I’ve talked before about not having a dedicated sewing/craft room in our house because we just don’t have room. Because of that, my sewing machine is in the living room against an island wall that is the pantry on one side and a coat closet on the other side. It works well, and I am able to keep my sewing machine out and accessible instead of having to store it away between projects.
Until recently, I had a make-shift, cobbled-together sewing table and storage system, and it was pretty rough-looking. I was using three TV trays as my sewing space. One of them I covered and used as a pressing table (I actually still use it), I had my machine on one, and I stored supplies and other stuff on and around the third one.
This system worked well, but let’s face it – it is U.G.L.Y.!
Last Fall, my mom and I were in Boise, and I happened to run across a sewing table in JoAnn Fabrics that looked like something my dad could make, so I sent him a picture of the box and asked if it was something he might be able to make at some point in time.
I didn’t think much more about it until a couple of months later when I got an email from my dad with a link to a wood-working pattern asking me if this cabinet would meet my needs:
Again, I didn’t think anymore about it until Dad said he needed to borrow my sewing machine so he could get the measurements off it for the cabinet.
Insert happy squeal here!
Long story short, my dad made me the most amazing sewing cabinet, and I think it is by far better than the one I found at JoAnn’s or the one in the pictures from the Rockler Woodworking Website, where he got the plans.
Voila! My new sewing cabinet:
When I am not working on any projects, I am able to put my machine completely away and close up the cabinet, which makes it look like just another piece of furniture.
One thing my dad did not do; however, was purchase the automatic lift system for my machine because it was beyond expensive (the mechanism alone was nearly $200.00). When I want to put my machine away completely, there is a shelf on the right-hand side where it fits perfectly.
Instead of the lift mechanism, he made the cut out in the top so the surface of my machine and extended table were level with the surface of the cabinet. He also made an insert out of the cut out to use when I need to use just the arm of my machine (like for hemming sleeves, pant legs, etc.). The cut-out insert hangs on a hook inside the cabinet on the right hand side. Another hook (that I still have to install) will be on the left side for me to hang my smaller cutting mats.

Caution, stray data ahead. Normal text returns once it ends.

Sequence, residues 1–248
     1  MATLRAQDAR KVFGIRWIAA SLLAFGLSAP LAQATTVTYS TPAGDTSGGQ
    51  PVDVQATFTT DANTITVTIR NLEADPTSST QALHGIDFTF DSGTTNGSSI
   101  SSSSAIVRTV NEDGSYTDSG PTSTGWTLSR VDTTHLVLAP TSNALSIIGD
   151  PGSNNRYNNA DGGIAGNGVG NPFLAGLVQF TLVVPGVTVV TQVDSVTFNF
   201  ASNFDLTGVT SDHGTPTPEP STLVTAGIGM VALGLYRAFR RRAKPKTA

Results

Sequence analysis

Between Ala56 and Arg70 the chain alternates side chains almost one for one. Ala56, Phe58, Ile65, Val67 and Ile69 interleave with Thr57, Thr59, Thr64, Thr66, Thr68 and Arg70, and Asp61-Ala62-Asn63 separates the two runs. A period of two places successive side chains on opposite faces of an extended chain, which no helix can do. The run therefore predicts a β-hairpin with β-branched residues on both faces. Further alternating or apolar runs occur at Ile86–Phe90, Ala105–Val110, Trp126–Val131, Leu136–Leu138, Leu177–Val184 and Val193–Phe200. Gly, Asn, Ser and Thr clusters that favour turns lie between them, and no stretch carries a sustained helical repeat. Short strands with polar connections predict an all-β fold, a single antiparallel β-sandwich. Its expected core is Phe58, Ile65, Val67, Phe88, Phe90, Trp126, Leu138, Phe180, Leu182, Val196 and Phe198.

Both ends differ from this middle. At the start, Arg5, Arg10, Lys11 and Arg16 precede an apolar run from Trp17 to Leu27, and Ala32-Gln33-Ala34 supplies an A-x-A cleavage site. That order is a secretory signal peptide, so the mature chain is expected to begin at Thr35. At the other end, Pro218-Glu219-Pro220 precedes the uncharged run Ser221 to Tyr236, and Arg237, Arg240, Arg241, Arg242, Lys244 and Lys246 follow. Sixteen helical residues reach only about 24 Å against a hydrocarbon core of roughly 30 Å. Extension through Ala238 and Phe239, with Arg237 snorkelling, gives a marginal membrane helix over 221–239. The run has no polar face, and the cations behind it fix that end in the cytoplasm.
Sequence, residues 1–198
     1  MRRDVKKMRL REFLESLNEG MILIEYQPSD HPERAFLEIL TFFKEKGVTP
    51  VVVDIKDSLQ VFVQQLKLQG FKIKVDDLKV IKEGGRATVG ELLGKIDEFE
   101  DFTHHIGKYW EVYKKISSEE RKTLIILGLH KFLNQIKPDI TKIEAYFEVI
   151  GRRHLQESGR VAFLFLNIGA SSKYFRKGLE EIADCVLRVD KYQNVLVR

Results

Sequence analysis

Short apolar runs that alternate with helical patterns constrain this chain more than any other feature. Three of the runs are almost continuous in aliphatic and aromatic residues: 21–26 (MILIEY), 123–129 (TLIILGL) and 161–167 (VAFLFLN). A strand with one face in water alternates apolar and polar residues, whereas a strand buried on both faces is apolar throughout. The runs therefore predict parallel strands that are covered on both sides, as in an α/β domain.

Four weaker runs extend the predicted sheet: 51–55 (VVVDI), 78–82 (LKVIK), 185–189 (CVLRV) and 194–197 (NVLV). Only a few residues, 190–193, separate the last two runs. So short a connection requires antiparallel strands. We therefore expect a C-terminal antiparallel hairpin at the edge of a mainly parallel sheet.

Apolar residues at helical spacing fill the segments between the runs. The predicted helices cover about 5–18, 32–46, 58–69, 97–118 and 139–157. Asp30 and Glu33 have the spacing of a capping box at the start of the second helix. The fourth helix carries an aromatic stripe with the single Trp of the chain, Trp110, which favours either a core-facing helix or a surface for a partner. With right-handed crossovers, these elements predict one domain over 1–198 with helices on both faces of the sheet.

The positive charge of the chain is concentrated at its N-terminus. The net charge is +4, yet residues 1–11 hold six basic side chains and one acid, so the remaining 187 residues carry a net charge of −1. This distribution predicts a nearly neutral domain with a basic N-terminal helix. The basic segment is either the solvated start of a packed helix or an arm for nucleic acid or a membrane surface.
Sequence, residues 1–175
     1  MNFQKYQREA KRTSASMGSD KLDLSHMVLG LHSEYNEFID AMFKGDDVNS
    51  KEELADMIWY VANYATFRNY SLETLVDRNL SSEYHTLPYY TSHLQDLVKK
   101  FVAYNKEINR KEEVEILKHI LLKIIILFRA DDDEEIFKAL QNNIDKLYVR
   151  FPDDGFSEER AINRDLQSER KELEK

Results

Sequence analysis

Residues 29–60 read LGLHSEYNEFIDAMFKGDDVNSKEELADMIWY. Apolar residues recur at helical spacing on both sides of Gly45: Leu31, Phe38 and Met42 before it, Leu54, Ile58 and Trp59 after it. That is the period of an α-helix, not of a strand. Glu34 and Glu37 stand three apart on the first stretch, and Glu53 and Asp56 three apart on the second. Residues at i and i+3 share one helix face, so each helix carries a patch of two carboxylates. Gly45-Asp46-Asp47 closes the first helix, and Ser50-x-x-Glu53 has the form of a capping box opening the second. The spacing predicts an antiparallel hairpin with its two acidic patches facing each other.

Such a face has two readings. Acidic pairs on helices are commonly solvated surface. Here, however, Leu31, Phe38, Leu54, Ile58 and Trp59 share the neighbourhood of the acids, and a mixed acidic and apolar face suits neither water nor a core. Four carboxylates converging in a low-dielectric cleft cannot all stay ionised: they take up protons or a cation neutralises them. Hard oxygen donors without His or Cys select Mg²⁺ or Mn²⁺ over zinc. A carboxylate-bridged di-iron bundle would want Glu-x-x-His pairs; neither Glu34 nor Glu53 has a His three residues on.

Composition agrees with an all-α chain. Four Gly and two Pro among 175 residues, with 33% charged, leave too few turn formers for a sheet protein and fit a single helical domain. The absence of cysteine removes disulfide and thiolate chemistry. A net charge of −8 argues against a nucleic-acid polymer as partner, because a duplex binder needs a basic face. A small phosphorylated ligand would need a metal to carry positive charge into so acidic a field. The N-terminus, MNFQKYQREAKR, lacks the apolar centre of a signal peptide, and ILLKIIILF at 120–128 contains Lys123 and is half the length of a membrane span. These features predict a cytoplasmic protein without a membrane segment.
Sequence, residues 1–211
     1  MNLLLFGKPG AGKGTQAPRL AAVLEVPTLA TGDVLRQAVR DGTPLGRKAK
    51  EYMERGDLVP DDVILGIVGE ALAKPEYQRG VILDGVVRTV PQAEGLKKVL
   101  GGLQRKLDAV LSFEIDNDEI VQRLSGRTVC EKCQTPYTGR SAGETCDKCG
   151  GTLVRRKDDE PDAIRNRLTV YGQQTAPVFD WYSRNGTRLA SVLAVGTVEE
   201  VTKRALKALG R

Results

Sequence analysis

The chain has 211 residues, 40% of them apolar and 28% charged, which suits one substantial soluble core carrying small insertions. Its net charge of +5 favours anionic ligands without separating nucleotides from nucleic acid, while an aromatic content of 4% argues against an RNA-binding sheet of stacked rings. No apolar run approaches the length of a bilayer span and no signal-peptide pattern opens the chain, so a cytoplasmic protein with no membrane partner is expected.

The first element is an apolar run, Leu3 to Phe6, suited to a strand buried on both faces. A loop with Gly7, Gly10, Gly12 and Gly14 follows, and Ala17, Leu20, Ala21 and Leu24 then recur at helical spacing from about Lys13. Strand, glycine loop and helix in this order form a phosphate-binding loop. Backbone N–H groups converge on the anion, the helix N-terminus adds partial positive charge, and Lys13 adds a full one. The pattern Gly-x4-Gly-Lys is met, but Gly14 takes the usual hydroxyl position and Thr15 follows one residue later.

The left-hand side of the cabinet has five drawers, and I am still fiddling with what to put where. I am not used to having all my tools within arms reach, so deciding exactly where to put them is taking some trial and error.
For now, the top drawer has all my marking pencils, seam gauges, seam rippers, presser feet, machine needles, and measuring tapes. The next drawer has all my scissors, pinking shears, wheel cutters, and turning tools. The third drawer holds pins, magnetic pin grabbers, and hand-sewing needles. For now, the fourth drawer stores thread cones and my bowl of bobbins. The bottom drawer has trims (laces), beads, zippers, and velcro.
In the drawer on the right-hand side, I have my pattern taping/cutting supplies, pressing ham and roll, and miscellaneous bag hardware. Above it on the shelf where my machine can be stored, I normally have two plastic tubs that have the fabric for my current projects stored in them.
When the table is completely opened up, it has two flat surfaces that I use as work tables. The one on the left is works well for laying out pieces of fabric to pin together or for cutting pattern pieces, and the one to the right is the perfect place for pattern sewing instructions!
One of the nice things about this cabinet is that I can “mostly” put it away when I need to, and even though my machine is still out, the cabinet contains all of the other supplies and fabric of current projects. I have to admit that my machine rarely gets put away completely, though, and it usually looks like this. I love that it sits right under one of my absolute favorite images I have ever made – the Painted Hills at the John Day Fossil Beds. The image has seen better days, and it needs re-matted and framed; however, it is still a favorite. If you’re ever in Oregon and have an opportunity, the Painted Hills are a must see; they are part of Oregon’s Seven Wonders.
Every time I receive a piece of furniture my dad makes, I feel more and more privileged to have received such an amazing piece of work. My dad is an amazing craftsman, and he creates pieces that will one day be priceless heirlooms both for their sentimental value and their craftsmanship.
In February, I wrote a Love Your Sewing Space post, and even though I was content with it then, I am over the moon with my sewing space now!